O'Neill also made a statement regarding his own putative work on the subject of rape kits. On September 20, 2019, he issued a statement condemning Attorney General Stein stating that "I have been fighting & trying to give a voice to these victims for the last 23 y[ea]rs while you gave a 23 sec[ond] press conference." He also declared that eliminating the backlog was his "number one priority." …
In order to answer the false accusations of its opponent and inform the electorate of what it believed to be relevant facts for the election, the Stein Campaign publicly challenged those accusations with speech of its own. The Campaign produced Survivor, a corrective political advertisement, in the summer of 2020. Ralston Lapp was the producer of that advertisement.
Ms. Grimmett personally appeared in the political advertisement and made the following statement, drawing a contrast between efforts made by Attorney General Stein to develop and execute on a strategy to address the untested rape kits and Mr. O'Neill's failure to engage in similar efforts within his own jurisdiction:
As a survivor of sexual assault that means a lot to me and when I learned that Jim O'Neill left 1,500 rape kits on a shelf leaving rapists on the streets, I had to speak out.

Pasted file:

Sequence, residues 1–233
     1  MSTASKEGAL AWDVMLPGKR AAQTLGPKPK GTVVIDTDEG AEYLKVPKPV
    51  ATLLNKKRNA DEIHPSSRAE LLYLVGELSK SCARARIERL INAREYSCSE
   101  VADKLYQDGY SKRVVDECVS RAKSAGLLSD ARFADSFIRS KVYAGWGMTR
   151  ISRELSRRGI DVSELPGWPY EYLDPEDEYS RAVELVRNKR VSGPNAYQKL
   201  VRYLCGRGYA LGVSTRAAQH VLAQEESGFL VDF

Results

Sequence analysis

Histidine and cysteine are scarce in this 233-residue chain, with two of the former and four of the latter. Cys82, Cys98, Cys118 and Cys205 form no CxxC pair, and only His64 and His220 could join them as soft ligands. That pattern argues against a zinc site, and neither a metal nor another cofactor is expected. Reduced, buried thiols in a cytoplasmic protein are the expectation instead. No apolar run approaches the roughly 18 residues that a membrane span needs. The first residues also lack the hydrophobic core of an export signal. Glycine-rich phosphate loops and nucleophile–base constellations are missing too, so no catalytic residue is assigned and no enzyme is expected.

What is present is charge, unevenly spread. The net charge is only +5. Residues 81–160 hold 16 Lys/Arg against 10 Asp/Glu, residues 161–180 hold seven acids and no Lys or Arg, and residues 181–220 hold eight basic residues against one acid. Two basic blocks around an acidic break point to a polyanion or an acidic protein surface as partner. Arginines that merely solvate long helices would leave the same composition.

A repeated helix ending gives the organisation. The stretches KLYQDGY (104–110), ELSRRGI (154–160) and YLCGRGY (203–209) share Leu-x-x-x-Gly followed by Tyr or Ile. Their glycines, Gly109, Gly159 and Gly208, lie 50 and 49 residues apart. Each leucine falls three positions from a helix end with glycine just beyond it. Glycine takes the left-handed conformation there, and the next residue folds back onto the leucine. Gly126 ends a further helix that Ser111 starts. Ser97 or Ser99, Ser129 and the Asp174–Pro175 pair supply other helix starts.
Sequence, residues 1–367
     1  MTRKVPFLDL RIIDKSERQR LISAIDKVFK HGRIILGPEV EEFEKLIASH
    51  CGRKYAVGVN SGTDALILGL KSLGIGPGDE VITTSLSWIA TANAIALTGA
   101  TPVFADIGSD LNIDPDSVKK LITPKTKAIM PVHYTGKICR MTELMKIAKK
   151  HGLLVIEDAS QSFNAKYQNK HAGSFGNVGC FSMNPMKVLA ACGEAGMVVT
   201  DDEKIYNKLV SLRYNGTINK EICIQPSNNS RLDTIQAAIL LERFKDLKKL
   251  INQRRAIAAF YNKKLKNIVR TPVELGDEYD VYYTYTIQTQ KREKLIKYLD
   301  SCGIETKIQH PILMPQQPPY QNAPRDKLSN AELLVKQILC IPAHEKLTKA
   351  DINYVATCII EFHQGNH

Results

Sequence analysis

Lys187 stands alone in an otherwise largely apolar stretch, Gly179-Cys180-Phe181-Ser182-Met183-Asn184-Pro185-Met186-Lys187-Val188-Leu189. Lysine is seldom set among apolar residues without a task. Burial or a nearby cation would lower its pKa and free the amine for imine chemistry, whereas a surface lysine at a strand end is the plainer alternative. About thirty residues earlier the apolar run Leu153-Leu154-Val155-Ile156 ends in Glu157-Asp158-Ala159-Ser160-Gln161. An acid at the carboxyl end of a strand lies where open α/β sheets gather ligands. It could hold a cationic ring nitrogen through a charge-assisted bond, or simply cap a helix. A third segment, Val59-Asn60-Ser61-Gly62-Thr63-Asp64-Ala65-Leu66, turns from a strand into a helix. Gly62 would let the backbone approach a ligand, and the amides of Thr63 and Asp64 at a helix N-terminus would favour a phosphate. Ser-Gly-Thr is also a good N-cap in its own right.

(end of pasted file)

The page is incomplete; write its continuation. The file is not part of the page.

Prior to producing Survivor, Ralston Lapp and the Stein Campaign had all the statements made in the political advertisement, including those of Ms. Grimmett, fact-checked by an outside firm specializing in confirming the accuracy of claims made in political advertising.
Survivor was ultimately broadcast on various television stations throughout North Carolina during September and October 2020, including television stations within this District. The placements for those broadcasts were made by Ralston Lapp and paid for by the Stein Campaign….
On September 29, 2020, with the campaign fully underway, an attorney for the "Friends of Jim O'Neill" campaign committee filed a Complaint with the NCSBE alleging that the Stein Campaign and Attorney General Stein were in violation of the Statute on the grounds that candidate O'Neill, "who is the elected District Attorney for Forsyth County, has never in his career left 'rape kits sitting on a shelf'" because he was "never in the chain of custody as it relates to rape kits."
The Complaint stated that "[t]o protect the integrity of future elections, the O'Neill Committee requests the Board of Elections investigate these allegations and find probable cause to refer this Complaint to the Wake County District Attorney for further action."